First ask yourself these questions. What will I do with my rolling
Is it a piece of equipment which I will use often? Does my work call
for the occasional roller printing for a decorative piece? Or would
the rolling mill be perfect when I need a piece of sheet or wire from
an ingot of gold?
Personally, I want tools that I can grow into, not out of. If I were
to sell my rolling mill today, I could actually sell it for more than
than the original purchase price. I keep it it tip top condition and
grease it when necessary. Every few months, I take out the feeler
gauges and re-align the rollers if necessary.
Investing in a good rolling mill is like thinking about a car
purchase. It is a lot of money and you get what you pay for. Also, a
decent rolling mill from a reputable company has good customer
service. They are companies that stand behind what they manufacture.
For my money, I would make the big purchase and go with a Durston. I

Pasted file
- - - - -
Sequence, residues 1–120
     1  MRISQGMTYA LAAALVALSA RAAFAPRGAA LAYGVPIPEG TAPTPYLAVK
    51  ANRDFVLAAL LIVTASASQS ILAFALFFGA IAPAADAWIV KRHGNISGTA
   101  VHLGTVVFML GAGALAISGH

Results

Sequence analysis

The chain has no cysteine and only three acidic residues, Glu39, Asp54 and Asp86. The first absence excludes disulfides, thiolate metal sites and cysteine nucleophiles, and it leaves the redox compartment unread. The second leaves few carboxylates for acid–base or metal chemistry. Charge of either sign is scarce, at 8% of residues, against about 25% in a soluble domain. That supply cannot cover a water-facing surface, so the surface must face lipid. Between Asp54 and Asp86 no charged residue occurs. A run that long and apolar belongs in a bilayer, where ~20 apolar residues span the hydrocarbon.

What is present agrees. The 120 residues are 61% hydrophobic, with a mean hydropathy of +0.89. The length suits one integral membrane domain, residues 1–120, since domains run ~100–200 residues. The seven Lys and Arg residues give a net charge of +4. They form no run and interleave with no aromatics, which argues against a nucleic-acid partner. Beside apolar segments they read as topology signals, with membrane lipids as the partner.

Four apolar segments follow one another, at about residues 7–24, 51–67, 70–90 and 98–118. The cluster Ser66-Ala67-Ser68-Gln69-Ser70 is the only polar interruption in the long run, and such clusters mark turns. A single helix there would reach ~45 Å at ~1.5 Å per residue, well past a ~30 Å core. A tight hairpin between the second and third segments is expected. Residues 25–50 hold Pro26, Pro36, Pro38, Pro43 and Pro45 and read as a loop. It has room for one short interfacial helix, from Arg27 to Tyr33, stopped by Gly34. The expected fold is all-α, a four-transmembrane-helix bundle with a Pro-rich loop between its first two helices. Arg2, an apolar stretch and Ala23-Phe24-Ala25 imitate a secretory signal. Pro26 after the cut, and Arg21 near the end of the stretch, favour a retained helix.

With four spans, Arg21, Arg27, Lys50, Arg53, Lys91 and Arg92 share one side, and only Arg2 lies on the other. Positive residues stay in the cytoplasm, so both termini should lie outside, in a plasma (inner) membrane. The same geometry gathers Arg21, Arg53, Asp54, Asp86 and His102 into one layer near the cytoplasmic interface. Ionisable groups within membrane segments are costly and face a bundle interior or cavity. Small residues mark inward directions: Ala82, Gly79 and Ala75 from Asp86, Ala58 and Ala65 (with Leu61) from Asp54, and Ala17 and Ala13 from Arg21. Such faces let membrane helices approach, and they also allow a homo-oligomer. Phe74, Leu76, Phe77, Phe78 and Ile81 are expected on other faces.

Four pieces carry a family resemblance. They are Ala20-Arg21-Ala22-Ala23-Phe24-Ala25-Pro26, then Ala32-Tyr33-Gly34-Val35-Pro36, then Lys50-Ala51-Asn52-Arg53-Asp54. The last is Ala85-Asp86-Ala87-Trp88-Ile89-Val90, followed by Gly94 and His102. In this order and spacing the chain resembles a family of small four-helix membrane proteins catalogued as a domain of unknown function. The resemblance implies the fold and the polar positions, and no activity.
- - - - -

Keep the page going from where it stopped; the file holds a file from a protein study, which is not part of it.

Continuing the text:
have two in the school and have served me well for 12 years and the
school for 8. I take care of them, they take care of my work.
Certain pieces I can scrimp on. When I needed 10 engraving balls for
an engraving class, I didn’t need to go to GRS, I found another
source. Some pliers, a hammer, but I love tools and tend to purchase
the best quality I can. The flex-shaft is another choice. I use a
Foredom TX which works great for my needs. I don’t need a fancy
reversible motor, but might if I was left handed. Some of the work I
do requires a bit of torque, so the TX really delivers. But for some
who use their flex shaft about three times a year, one of the Chinese
economy models would be fine.
Where green things are FINALLY poking their heads from the ground.
M E T A L W E R X
50 Guinan St.
Waltham, MA 02451
Ph. 781/891-3854 Fax 3857
Jewelry/Metalarts School & Cooperative Studio